Monday, November 8, 2010

Will White Women ever elect a Republican Woman?

Via Sonic Charmer, Whiskey says no:
But one thing is certain from the poor performance of Christine O'Donnell, Linda McMahon, Sharon Angle, Meg Whitman, and Carly Fiorina. White women don't like Republican women much. To go beyond Congressional districts, and achieve state-wide and national victory, Republicans must understand how White women vote (Latino and Black women vote the way men of those ethnicities vote -- Democratic). For most White women, economic issues take (even now) backstage to status anxiety. And they have a large animus toward certain candidates. Handsome, family men like Marco Rubio or Scott Brown are the success models. Particularly Rubio, who has the advantage with White women of not being White. And yes, Joy Behar matters. Republicans to retake the White House, and Senate, and undo Obama's damage, and restart the economy, must at all costs, "go hunk." And avoid female candidates.

Behar matters, because millions of "Nice, White Ladies" (ala Sandra Bullock's character in "the Blind Side", phrase credited to Steve Sailer, follow her every utterance. ...

For such women, Joy Behar and her fellow harpies on the View offer a guideline to who is in and who is out. It is like High School, that never ends.
I sure hope he's wrong on this.  It would be depressing beyond words to think that the majority of adult white women are essentially unthinking teeny boppers when it comes to politics.


TOTWTYTR said...

Sadly, I think he's right. A lot of women that I know seem to resent women like Palin, O'Donnell, even Linda McMahon. It's never about their politics, but about them being "dumb blondes" or something similar.

White women will elect a Republican, but not a woman Republican. At least for now. Which is why despite his myriad flaws, Mitt Romney polls well.

NotClauswitz said...

I think the Political Class who behave like an endless High School *OMG-OMG* are dependent on him and this way of TV-driven thinking.
We have seen plenty of non-Model men elected too, and not just through political connivance or there would be no Nixon Library, and nothing above explains the hot-redhead that munchkin micro-dweeb Kucinich married.
Many of the good-lookers also were Democrats and utter failures. John Lindsay of NYC, and many more. I wouldn't want to follow that route.

Chris said...

By and large, on the average, and other qualifying cliches, I also believe this to be the case. I know quite a few conservative women (I'm a libertarian; my lovely wife is a reluctant-to-soil-her-hands-with-politics Republican), and nearly all of them are quite dismissive of any female Republican candidate. At least the coversations I have overheard. It *does* seem rather cliquish, and more like middle school than high school.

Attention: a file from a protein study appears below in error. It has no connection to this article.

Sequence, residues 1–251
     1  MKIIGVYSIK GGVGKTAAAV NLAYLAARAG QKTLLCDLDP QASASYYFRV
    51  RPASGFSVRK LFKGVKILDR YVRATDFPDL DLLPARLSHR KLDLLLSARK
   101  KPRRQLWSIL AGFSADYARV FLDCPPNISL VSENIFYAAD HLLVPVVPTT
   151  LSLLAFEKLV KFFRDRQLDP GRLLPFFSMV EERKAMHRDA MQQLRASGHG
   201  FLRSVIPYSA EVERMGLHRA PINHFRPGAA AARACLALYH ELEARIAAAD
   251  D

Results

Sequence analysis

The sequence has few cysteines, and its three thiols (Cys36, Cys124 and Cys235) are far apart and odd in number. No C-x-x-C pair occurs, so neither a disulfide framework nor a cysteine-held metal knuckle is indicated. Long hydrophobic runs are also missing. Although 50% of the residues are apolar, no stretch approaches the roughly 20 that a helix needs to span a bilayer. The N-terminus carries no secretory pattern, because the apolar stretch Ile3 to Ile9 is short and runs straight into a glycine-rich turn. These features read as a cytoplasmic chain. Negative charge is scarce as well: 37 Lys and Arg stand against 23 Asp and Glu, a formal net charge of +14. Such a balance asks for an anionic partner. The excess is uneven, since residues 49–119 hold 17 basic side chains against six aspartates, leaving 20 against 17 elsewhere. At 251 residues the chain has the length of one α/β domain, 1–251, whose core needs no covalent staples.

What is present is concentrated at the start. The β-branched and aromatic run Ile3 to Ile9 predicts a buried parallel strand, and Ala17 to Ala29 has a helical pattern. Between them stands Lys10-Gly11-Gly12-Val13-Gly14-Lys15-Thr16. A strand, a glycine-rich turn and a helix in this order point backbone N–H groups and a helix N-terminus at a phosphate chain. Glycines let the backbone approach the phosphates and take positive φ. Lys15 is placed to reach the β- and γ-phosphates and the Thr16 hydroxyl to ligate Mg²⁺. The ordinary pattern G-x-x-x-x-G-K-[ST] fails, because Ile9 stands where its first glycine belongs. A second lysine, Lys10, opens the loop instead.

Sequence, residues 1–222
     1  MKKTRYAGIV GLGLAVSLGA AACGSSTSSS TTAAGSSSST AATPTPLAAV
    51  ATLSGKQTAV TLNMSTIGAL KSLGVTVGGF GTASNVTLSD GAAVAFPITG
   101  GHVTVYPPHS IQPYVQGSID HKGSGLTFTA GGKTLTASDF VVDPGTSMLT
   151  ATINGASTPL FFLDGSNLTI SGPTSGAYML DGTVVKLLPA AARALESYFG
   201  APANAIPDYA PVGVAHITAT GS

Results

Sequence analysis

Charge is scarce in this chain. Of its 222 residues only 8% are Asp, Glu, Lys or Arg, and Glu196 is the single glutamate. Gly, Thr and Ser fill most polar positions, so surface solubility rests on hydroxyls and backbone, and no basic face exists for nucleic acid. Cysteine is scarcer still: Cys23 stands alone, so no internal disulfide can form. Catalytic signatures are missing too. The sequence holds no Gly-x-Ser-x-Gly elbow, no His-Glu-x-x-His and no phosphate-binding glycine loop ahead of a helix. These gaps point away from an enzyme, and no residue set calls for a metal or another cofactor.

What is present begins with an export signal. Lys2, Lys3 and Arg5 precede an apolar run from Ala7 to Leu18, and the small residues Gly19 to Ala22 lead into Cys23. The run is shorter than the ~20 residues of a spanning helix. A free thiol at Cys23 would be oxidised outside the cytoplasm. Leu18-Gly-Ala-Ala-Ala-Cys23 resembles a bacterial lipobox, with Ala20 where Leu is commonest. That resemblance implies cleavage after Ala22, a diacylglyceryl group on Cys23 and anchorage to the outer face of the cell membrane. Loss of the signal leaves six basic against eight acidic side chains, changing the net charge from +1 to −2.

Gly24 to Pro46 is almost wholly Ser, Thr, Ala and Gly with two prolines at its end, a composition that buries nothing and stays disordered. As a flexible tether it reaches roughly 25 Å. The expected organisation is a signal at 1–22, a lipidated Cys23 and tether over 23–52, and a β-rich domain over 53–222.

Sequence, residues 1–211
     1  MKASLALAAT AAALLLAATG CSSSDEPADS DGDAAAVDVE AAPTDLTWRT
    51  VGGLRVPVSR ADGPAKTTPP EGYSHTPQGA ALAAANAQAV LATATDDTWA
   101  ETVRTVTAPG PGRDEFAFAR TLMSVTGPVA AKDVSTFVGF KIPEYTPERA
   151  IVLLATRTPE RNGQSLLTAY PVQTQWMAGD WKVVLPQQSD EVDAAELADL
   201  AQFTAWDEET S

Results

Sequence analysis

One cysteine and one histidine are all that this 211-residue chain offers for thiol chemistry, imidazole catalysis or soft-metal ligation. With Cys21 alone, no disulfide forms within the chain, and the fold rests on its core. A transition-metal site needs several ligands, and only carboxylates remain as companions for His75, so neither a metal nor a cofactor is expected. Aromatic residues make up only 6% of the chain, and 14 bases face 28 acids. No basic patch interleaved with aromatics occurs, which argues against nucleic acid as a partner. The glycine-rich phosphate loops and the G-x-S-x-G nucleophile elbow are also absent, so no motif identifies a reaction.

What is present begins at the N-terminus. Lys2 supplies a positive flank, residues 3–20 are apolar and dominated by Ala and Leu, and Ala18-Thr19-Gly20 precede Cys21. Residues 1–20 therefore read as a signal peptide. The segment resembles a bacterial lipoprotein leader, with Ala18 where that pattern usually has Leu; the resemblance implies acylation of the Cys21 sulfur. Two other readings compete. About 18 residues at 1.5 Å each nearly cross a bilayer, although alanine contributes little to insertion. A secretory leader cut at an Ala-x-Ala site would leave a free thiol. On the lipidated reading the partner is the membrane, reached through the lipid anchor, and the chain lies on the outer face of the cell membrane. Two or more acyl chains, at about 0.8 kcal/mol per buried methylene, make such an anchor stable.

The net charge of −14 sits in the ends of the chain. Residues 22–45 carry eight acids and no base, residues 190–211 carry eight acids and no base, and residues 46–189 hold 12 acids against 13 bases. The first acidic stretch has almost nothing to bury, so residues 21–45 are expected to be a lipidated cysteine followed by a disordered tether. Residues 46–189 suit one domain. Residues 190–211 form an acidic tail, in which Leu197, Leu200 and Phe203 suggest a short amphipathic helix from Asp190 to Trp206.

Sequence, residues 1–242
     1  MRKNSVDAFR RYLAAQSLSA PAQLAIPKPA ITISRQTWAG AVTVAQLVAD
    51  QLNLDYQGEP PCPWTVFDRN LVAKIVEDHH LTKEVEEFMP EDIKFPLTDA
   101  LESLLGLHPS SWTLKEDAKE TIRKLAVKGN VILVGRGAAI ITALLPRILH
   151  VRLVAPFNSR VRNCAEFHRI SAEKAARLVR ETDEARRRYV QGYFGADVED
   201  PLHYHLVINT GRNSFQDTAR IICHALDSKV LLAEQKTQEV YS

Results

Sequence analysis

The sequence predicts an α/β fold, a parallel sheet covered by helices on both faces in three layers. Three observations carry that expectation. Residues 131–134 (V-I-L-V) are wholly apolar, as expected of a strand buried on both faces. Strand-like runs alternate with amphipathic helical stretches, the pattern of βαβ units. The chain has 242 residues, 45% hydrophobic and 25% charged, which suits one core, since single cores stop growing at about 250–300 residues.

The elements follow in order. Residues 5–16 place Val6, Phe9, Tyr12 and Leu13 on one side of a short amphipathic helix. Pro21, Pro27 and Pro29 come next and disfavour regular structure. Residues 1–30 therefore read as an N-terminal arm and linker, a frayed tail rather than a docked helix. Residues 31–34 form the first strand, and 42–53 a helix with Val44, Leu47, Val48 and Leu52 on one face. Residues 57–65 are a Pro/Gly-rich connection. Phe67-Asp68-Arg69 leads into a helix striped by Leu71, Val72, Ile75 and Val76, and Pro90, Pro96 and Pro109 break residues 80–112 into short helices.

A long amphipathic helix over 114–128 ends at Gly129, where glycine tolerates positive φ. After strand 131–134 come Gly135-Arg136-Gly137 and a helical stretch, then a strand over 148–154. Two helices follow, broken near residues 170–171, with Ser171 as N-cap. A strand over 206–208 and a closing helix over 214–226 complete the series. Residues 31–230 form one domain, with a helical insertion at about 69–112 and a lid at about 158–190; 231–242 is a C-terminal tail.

B said...

Unfortunately, women follow each other. Like fashion, voting is dependent on what someone says is "in".

Plus, women don't really like other women who are strong and could be seen (if only in their own minds) as a rival.

Sadly, most women never really get over their high school cattiness. They just refine it and learn to veil it better.

While there are exceptions to this, for most ladies it is just a matter of degree.

Skip said...

Mr. B hit that to the fence.
All of the women I have discussed politics with don't like powerfull women.
They hate Pelosi, Sarah, Hills, anyone thats a threat.
They want that 'comfort' factor. "Protect me, tell me I'll be safe, I will support you".
Reagan anyone?

TJP said...

Sure. The majority of adult white men are essentially unthinking adolescents when it comes to politics. Why would women be any different?

Also: O'Donnell is widely understood to be a fruitcake, McMahon violated a principle that is a leg of the neocon platform (illicit drugs) and challenged a popular elected official, and Carly Fiorina ruined a company.

Anonymous said...

Fascinating remarks but you're wrong on Carly Fiorina. "In 2000, Fiorina proposed the acquisition of computer-services business EDS, but withdrew the bid after the proposal received a poor reception from HP shareholders.[28] While Fiorina's 2000 bid to acquire EDS was abandoned, HP did go on to purchase the company in 2008....In 2002, in the wake of the bursting of the Tech Bubble, Fiorina spearheaded a controversial merger with Compaq, a leading competitor in the industry. Fiorina fought for the merger, and it was implemented despite strong opposition from board member Walter Hewlett." She was proven to be right.

I'm not sure you can blame the loss on WRW, or maybe the cause is woman of a certain age who feel left behind? I blogged about this anti-women phenomenon but I see it as the media's game but your perspective makes me want to revisit the issue. Is it because republican women are religious, and defer to their husbands?